Government

Battling over the backfill, senate confirmations go through, special exception to allow sales during political motorcycle rally: Iowa Capitol Digest, April 4

State Sen. Randy Feenstra, R-Hull, and Rep. Guy Vander Linden, R-Oskaloosa, chairmen of the Senate and the House Ways and Means committees, respectively, confer Wednesday on the back bench in the Senate chambers at the Statehouse in Des Moines. The two men are key players in behind-the-scenes negotiations on the GOP tax cut  package that is expected to be enacted yet this session before the Legislature adjourns. (Photo by Rod Boshart/Gazette Des Moines Bureau)
State Sen. Randy Feenstra, R-Hull, and Rep. Guy Vander Linden, R-Oskaloosa, chairmen of the Senate and the House Ways and Means committees, respectively, confer Wednesday on the back bench in the Senate chambers at the Statehouse in Des Moines. The two men are key players in behind-the-scenes negotiations on the GOP tax cut package that is expected to be enacted yet this session before the Legislature adjourns. (Photo by Rod Boshart/Gazette Des Moines Bureau)

A roundup of legislative and Capitol news items of interest for Wednesday, April 4, 2018:

BACKING THE BACKFILL: A survey released by Iowa House Democrats found local elected officials believe Iowans will face higher property taxes and cuts in local services if Republicans enact House Study Bill 678 that would phase out the state property tax backfill.

The online survey completed by 478 school, county and city officials found that 93 percent said they would have to raise property taxes if the backfill stops.

Ninety percent said the end of the backfill would lead to cuts in services, with three-fourths of the respondents saying cuts would come in public safety.

Among school officials, 29 percent said they would have to increase class sizes. 24 percent would reduce pay for teachers and 23 percent would delay technology upgrades.

The backfill was part of the bipartisan agreement in 2013 that enacted commercial property tax relief.

BILL SIGNINGS: Gov. Kim Reynolds signed 21 bills into law on Wednesday, including one that targeted action by the Linn County Board of Supervisors.

House File 2253 concerns competitive bidding requirements for construction by a private party of property to be lease-purchased by government entities. It came about because of a lease-purchase arrangement the Linn County Board of Supervisors entered into — without open bidding — to build a new public health building. That contract has been signed so the bill, which requires bids on such projects, will not affect it.

Other bills signed by Reynolds included ones on fence viewing, fish farming, horse racing and amusement concession.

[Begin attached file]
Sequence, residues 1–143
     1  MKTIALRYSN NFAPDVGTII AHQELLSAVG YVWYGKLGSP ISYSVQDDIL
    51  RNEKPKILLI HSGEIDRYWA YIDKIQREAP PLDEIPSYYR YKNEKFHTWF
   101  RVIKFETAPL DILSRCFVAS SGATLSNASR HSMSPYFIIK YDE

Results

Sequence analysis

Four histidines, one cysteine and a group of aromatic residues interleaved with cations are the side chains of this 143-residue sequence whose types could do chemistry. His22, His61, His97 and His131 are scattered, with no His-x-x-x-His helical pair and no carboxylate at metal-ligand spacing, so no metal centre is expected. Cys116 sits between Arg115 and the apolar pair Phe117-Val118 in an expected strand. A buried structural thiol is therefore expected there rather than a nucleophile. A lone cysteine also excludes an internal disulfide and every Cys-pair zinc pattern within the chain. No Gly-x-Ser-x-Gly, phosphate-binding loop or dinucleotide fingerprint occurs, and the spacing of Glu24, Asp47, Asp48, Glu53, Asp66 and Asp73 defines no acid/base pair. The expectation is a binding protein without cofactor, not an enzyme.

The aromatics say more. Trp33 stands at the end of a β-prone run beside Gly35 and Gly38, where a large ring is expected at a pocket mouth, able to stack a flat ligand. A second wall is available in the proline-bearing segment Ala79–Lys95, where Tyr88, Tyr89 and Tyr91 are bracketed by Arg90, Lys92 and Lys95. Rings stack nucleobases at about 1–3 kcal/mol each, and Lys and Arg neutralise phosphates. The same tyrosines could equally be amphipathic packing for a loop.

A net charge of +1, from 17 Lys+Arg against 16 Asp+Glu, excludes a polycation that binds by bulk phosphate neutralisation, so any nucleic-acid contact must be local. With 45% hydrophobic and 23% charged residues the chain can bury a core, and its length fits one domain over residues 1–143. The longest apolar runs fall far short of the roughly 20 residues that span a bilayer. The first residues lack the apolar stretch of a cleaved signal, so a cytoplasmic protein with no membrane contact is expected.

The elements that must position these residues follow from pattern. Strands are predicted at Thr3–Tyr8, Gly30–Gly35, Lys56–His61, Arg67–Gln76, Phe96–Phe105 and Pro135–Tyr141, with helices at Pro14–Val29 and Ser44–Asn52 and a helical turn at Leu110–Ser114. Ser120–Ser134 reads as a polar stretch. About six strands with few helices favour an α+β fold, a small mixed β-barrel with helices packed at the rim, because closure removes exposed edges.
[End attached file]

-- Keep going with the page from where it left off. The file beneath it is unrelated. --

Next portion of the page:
For information, visit https://governor.iowa.gov/.

SENATE CONFIRMATIONS: The Iowa Senate agreed Wednesday to confirm 38 appointments to state posts, boards and commissions proposed by Gov. Kim Reynolds.

Senators voted 48-1 to approve Brian Ohorilko to stay on as administrator of the state Racing and Gaming Commission — a post he’s held since 2012 — as well as the appointments of Kristine Kramer to another term on the Racing and Gaming Commission and Rebecca Guinn and Harold Homes to the state Environmental Protection Commission.

Senators voted 47-1 to approve “en bloc” the confirmations of 34 other gubernatorial appointees, including Linda Crookham-Hansen, Mark Kittrell, Brice Lehrman and Christian Murray to the state Economic Development Authority board.

Iowans nominated to fill state positions by the governor that are subject to confirmation must receive at least 34 affirmative votes to meet or surpass the two-thirds majority threshold.

Sen. Rich Taylor, D-Mount Pleasant, cast the lone no vote Wednesday.

TOY RIDE: At a rare joint meeting of the House and Senate Government Oversight committees, House Study Bill 686 was approved to allow A Brotherhood Aimed Toward Education (ABATE) of Iowa to sell commemorative T-shirts and other memorabilia on the state Capitol complex grounds during its annual motorcycle rally toy run that benefits children.

ABATE sells the memorabilia to offset the costs associated with a police escort from the Capitol grounds to where the toys are delivered — day cares, domestic abuse shelters or other agencies that serve children.

Sales are prohibited on the Capitol grounds without prior approval.

QUOTE OF THE DAY: “Just like a grease trap in the back of a tavern, this thing stinks.” — Sen. Rick Bertrand, R-Sioux City, in speaking Wednesday against changes the Iowa House made to a Senate bill that would limit liability for bars and restaurants accused of over-serving a drunken customer.

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